Tensions are high in Georgia's breakaway Abkhazia region as all parties accuse one another of provocations that could lead to war across the volatile Caucasus Mountains. VOA Moscow Correspondent Peter Fedynsky examines a dispute that involves the interests of Russia, Georgia and the breakaway region's desire for independence.
Abkhazia today involves a series of charges, countercharges and denials.
Abkhazian rebels say they have shot down several unmanned Georgian surveillance planes over their territory since April. Tbilisi says only one has been hit and offers video as evidence the drone was shot down by a Russian plane. And the Russian Foreign Ministry accuses Georgia of a military buildup near Abkhazia.
All sides say they will defend their interests and territory against possible attacks by the other. Georgian President Mikhail Saakashvili says Georgia is not a big nation, but has good ammunition, good training, and the motivation to win against any possible aggressor, invader, or occupier. He hastens to add that part of Georgia already is occupied by one of the biggest aggressors.
By that he means Russia, which has troops in Abkhazia, a region that formally belongs to Georgia. Russian Foreign Minister, Sergei Lavrov, counters, he expresses his extreme concern at what he says is Georgia's current tendency toward confrontation based on ever more alarming facts that Tbilisi is seeking to resolve the Abkhazian issue by force.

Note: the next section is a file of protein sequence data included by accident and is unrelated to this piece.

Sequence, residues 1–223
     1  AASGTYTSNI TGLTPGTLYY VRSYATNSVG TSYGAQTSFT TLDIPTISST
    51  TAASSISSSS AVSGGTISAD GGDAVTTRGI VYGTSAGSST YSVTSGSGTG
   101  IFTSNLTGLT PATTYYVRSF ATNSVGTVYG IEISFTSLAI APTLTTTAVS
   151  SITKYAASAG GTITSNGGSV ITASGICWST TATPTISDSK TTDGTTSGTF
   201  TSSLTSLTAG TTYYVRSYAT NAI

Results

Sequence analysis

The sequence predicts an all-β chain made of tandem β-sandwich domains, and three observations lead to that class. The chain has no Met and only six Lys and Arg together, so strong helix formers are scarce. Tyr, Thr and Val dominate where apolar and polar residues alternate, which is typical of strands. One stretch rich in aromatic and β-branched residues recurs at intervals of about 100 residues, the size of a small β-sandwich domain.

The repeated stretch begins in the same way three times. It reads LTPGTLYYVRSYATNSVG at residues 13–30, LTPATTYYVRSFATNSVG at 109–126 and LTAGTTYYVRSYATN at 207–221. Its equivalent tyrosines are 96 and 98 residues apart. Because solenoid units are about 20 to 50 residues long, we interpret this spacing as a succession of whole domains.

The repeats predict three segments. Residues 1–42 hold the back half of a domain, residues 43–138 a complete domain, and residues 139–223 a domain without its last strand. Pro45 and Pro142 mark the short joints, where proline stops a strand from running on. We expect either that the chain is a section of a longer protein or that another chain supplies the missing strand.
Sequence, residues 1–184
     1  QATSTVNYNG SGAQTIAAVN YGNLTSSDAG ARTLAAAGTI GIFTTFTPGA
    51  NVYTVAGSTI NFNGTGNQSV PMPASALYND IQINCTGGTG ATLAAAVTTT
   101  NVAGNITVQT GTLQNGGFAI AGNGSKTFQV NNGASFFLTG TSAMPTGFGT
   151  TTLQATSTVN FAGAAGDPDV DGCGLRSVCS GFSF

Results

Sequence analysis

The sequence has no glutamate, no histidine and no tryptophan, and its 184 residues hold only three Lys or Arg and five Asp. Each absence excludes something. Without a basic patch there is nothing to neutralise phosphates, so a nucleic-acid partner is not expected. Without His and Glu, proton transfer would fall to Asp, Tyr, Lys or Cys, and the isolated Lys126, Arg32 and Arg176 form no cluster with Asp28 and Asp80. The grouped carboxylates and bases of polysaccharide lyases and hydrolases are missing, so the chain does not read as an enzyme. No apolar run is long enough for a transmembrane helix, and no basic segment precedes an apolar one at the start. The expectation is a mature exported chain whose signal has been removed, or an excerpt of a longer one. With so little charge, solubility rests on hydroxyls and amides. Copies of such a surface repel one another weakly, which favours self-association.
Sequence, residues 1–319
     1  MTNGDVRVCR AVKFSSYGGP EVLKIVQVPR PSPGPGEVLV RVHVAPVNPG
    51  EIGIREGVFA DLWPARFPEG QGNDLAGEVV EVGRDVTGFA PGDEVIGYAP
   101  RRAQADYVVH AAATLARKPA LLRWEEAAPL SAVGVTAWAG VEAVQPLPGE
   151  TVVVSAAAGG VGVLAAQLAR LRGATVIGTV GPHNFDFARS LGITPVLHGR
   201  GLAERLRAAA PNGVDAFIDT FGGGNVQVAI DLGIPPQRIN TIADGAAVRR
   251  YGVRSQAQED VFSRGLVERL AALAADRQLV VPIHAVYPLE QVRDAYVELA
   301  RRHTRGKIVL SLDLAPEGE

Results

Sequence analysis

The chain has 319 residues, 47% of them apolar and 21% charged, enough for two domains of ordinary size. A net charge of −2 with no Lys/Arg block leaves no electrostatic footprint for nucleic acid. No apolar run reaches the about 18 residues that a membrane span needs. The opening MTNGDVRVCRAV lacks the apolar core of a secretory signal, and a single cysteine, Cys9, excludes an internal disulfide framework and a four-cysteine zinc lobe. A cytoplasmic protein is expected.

Georgians and Abkhazians are separate ethnic groups within Georgia, a nation concerned about its territorial integrity. Abkhazia seceded from Georgia in the 1990s and seeks formal Russian recognition of its independence. Meanwhile, Moscow has issued Abkhazians Russian passports and has stationed peacekeeping troops in the region.
But independent Russian military analyst Pavel Felgenhauer tells VOA the Russian peacekeeping battalion is equipped with artillery, which seems inconsistent with its stated mission.
Felgenhauer says U.N. observers have not been allowed to inspect the battalion's positions. He notes, however, that Russian TV was there and showed heavy armaments that indicate Russians are not there as peacekeepers.
Felgenhauer says Moscow is concerned with possible Georgian membership in NATO, which the Kremlin views as a threat. Such membership would put NATO troops just over the mountains from the Russian resort city of Sochi, the site of the 2014 Winter Olympic Games.
Felgenhauer warns hostilities could break out at any time.
The military analyst says he was told last year by the President of Abkhazia, Sergei Bagapsh, a few days ago by the Patriarch of the Georgian Orthodox Church, Ilya II, and by Georgian officials - by everybody - that if fighting breaks out it will spread over the entire Caucasus.
The United Nations has expressed concern about the mounting tensions in Abkhazia. And in recent days, officials from the United States and the European Union have been in the area seeking a peaceful resolution to the dispute.